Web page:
"The best part of the day was learning from him how to manage our business and personal lives. And of course, he is very funny, too, which made it fun to work together."
While Ms Tan has previously hired a 22-year-old intern who was paid $8 an hour for similar tasks like ironing and photography, she said she has no issues hiring seniors.
"I have worked with my mother and aunt in this business and I see that seniors tend to be more meticulous.
"They also have plenty of experience, so we have a lot to learn from them."
Over 50? This programme has internships for you
KEEPING ACTIVE: Madam P. Indira Thevy, who took up an internship with Tea Ideas, said working has helped her to keep active. PHOTOS: PEOPLES' ASSOCIATION
EXPANDED WORLD: Madam Lok Kim Buay, who has never worked, said the internship has expanded her world. PHOTOS: PEOPLES' ASSOCIATION
While The Intern's premise of senior internships may sound far-fetched, the idea is actually happening off-screen.
There is, for instance, the People's Association's (PA) Golden Work initiative, which ties up with partners such as the Singapore Manufacturing Federation to offer internships and part-time work to people aged above 50.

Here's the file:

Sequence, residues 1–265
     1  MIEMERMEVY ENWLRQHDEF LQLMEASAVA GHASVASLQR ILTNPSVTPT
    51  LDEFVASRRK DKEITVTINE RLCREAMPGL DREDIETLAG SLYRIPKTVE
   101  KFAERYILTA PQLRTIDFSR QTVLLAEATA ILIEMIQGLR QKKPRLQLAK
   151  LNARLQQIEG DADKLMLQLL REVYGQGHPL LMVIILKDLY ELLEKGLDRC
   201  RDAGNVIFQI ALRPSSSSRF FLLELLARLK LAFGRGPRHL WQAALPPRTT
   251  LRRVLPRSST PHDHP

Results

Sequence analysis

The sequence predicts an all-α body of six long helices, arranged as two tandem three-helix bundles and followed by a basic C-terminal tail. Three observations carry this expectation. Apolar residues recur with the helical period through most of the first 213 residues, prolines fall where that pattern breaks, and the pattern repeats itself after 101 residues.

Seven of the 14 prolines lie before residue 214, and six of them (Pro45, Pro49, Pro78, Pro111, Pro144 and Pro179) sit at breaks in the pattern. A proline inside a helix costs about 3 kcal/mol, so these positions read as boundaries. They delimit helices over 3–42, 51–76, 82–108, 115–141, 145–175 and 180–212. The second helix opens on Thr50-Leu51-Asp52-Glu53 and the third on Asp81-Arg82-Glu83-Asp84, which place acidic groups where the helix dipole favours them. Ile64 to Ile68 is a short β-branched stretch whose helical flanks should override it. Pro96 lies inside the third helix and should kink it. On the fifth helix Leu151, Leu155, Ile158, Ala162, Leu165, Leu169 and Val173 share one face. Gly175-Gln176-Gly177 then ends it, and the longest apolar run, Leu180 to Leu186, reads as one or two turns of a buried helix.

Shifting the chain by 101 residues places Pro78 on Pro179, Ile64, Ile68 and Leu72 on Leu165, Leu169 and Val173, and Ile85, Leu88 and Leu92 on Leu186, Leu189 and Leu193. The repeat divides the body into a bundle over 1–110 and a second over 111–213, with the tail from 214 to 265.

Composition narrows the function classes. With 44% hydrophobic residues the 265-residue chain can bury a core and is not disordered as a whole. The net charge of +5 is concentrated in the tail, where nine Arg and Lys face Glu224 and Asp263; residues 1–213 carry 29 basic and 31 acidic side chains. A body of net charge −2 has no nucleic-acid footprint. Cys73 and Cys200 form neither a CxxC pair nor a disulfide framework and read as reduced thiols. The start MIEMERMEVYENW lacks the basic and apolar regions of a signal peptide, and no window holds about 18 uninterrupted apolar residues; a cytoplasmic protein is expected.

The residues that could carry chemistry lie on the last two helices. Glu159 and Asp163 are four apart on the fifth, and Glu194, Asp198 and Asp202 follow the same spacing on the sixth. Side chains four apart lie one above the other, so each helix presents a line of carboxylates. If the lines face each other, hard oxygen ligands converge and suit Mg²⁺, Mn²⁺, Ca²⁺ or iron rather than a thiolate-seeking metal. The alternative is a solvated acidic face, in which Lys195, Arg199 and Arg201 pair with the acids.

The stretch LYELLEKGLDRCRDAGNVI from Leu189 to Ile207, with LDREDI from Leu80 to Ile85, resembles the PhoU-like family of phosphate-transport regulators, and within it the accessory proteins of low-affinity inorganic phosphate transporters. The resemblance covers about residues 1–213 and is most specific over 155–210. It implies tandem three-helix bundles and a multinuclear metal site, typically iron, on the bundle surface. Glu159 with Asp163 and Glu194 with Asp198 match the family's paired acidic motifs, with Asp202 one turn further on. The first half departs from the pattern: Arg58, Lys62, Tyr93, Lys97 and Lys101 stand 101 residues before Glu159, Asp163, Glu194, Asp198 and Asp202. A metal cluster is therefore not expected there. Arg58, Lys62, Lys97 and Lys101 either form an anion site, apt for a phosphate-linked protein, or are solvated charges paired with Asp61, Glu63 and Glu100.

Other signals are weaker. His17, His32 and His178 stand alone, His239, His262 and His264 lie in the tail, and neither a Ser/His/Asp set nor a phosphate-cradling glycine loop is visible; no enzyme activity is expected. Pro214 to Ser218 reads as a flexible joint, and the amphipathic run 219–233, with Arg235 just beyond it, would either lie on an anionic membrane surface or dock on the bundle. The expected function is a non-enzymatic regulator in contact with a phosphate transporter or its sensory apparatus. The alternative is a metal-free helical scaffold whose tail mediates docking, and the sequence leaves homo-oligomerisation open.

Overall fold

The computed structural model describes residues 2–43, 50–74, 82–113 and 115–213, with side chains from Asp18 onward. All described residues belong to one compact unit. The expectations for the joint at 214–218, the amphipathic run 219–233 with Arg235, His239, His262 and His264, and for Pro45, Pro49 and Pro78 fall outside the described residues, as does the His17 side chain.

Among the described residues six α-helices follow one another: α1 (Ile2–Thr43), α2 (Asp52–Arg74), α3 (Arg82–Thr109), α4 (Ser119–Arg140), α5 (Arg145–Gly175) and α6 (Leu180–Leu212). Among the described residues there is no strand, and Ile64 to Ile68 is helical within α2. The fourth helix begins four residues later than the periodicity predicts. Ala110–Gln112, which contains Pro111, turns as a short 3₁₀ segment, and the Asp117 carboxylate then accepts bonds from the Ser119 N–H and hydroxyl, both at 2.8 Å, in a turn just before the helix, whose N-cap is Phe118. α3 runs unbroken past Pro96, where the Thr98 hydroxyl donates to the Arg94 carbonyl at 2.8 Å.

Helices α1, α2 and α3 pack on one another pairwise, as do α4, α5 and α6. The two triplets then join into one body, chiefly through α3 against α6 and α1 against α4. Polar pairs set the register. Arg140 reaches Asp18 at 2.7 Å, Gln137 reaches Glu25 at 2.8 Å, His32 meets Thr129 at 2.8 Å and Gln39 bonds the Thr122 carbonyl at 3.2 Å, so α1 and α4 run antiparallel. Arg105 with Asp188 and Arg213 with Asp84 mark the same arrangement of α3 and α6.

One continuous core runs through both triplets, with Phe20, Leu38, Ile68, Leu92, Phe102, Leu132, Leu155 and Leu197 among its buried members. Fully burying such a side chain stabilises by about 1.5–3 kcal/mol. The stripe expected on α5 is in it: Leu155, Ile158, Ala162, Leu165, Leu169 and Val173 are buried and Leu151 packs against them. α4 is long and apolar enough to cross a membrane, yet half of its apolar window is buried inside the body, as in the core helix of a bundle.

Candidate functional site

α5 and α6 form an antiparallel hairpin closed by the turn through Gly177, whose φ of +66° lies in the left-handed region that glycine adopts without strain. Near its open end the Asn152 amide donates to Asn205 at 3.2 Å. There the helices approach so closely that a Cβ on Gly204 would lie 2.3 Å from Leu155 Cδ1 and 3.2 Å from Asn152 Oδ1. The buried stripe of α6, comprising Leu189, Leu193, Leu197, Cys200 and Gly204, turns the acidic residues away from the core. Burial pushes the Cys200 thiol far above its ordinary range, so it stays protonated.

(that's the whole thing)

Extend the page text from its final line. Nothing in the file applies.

The first internship programme under the Golden Work Series took place in July.
"The rollout of the Golden Work Series was yet another effort by the PA Senior Academy to meet the needs of seniors keen to pick up some relevant job-based skills, and engage in freelance or part-time work to earn some pocket money," Ms Tan Swee Leng, director of Lifeskills & Lifestyle for PA, told M.
She said that the average internship period is between two weeks and a month, depending on the nature of the job and industry.
Opportunities are available in industries like retail and F&B.
"Our partner companies have given positive feedback about the internship programme.
"They commented that the seniors are hard-working, meticulous and show a good attitude towards learning," she said.